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I need to keep data like below:

field1value=SomeStringValue
field1score=10
field2value=SomeOtherValue
field2score=20
...
fieldNvalue=SomeNValue
fieldNscore=N

i.e. I have N fields, each field has its own name, value stored there and score. How to properly store such data in GAE datastore? Data should be easily accessible by field name. I will also need to calculate final score (field1score + field1score + ... + fieldNscore).

N is around 100, total number of records in the database will be huge.

Upd. I've used the following approach, but looks like it is not the best one:

class User(db.Model):
    field_names = db.StringListProperty()
    field_values = db.StringListProperty()
    field_scores = db.ListProperty(int)
    score_value = db.IntegerProperty()

def fields_add(user_key_name, field_name, field_value, field_score):
    user = User.get(user_key_name)
    if user:
        field_names = user.field_names
        field_values = user.field_values
        field_scores = user.field_scores
        if field_name in user.field_names:
            field_index = user.field_names.index(field_name)
            field_values[field_index] = field_value
            field_scores[field_index] = field_score
        else:
            field_names.append(field_name)
            field_values.append(field_value)
            field_scores.append(field_score)
        user.field_names = field_names
        user.field_values = field_values 
        user.field_scores = field_scores
        # TODO: update user.score_value
        user.put()
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2 Answers 2

Probably depends on what your access patterns are like, and what the max value of N is.

The most simple method would be to maintain two ListProperties:

from google.appengine.ext import db

class MyClass(db.Model):
  valueList = db.StringListProperty()
  scoreList = db.ListProperty(int)
share|improve this answer
    
Thanks, Raven. What is about field names? Should I have 3rd list? –  LA_ Feb 28 '12 at 17:19
    
@LA_ If your list of field names is static you probably want to maintain a name<->index lookup and not even store them in the User class. Just initialize everyone to the same size arrays with good defaults (zeros?). But if you want to do any queries based on specific named scores you might want to consider explicitly listing each field instead of storing the values/scores in lists. I'm pretty sure this could be done dynamically - no need to type in 200 properties (and perhaps the Expando model would be appropriate if the list of fields isn't static). –  Raven Feb 29 '12 at 6:20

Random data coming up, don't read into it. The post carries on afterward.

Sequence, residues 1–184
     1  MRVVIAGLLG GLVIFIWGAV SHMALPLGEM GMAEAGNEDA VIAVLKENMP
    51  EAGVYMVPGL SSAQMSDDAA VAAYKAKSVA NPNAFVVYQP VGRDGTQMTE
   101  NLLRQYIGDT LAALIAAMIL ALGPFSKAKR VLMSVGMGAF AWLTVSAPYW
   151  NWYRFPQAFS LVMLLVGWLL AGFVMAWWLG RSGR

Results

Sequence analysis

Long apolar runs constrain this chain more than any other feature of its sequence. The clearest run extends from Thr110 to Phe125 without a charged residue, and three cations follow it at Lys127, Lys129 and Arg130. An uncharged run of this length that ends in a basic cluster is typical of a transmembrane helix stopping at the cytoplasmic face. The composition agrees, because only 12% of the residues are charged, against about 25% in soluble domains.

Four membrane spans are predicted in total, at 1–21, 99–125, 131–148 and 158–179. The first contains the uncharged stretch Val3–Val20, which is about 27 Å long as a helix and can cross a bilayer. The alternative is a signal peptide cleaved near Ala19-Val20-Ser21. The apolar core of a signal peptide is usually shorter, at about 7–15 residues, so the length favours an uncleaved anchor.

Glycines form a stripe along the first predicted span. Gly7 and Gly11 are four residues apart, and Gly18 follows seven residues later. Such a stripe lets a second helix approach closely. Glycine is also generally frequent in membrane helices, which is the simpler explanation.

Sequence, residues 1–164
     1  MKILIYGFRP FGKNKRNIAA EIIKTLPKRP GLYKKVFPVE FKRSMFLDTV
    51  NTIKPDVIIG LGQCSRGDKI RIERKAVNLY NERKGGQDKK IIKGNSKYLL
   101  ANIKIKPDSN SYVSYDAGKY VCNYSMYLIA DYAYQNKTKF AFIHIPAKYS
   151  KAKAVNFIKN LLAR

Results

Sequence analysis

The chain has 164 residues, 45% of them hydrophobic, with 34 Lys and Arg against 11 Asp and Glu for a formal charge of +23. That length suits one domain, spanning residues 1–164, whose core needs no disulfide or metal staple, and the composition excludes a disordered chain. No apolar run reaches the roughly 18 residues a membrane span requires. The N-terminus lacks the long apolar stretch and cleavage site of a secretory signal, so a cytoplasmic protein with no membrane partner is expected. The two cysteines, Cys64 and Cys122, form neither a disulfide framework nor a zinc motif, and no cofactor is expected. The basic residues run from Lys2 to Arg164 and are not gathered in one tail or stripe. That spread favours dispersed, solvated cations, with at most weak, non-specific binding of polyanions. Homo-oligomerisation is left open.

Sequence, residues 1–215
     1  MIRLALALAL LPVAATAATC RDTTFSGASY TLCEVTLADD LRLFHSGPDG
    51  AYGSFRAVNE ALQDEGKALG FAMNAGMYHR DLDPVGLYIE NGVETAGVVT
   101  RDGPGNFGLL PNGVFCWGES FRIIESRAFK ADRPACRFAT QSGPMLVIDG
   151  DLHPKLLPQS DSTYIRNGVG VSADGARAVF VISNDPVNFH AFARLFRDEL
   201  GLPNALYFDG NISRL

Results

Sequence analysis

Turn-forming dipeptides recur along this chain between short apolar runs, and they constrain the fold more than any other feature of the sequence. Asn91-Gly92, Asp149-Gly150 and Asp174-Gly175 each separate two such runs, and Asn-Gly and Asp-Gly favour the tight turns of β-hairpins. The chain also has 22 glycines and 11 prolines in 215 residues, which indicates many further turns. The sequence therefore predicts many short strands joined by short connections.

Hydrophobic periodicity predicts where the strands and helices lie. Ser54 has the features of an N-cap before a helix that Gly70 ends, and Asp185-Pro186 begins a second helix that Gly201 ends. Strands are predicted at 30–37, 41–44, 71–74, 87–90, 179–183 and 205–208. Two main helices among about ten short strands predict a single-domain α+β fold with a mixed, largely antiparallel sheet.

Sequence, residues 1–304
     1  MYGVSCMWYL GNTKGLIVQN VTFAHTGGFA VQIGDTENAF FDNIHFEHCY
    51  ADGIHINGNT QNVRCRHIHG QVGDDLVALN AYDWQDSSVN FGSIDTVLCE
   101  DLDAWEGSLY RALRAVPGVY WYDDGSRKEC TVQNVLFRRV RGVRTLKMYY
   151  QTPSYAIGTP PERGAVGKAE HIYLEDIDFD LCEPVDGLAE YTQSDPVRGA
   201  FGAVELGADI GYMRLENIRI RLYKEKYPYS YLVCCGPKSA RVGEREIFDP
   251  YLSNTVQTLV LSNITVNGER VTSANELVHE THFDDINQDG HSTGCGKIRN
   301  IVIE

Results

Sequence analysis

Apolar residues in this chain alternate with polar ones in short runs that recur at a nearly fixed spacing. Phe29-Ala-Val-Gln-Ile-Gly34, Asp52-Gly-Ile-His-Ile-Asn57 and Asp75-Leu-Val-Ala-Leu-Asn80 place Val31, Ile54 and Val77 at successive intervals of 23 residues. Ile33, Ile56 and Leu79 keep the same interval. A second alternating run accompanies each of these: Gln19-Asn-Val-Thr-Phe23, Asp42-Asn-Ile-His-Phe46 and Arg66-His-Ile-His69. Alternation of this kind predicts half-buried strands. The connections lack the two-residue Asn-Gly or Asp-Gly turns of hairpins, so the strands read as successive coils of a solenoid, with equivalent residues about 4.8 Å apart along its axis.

This depends on your access patterns. Knowing more details and requirements would allow a better answer.

If you will ever have more than 5000 entries that you cannot otherwise separate, you should use a simple structure like the one below. To get the sum of the scores, you can query all and add them in memory. If you have a large number of scores, you can either use MapReduce to find the sum on demand, or a shard counter to keep a running total.

class Score(db.Model):
  value = db.StringProperty()
  score = db.IntegerProperty()

You can use a ListProperty if you will not have more than 5000 entries. This will result in a much lower number of datastore reads and writes, since it's only one query to return all the results which you can then sum in memory. If you have some third piece of data (like the player field below) you can use to guarantee that you have less than 5000 entries, this may be a decent solution.

class Score(db.Model):
  player = db.StringProperty()
  values = db.StringListProperty()
  scores = db.ListProperty(int)
share|improve this answer
    
Total number of records in the datastore will be more than 5000. But number of fields (N above) will be around 100. –  LA_ Feb 26 '12 at 15:08

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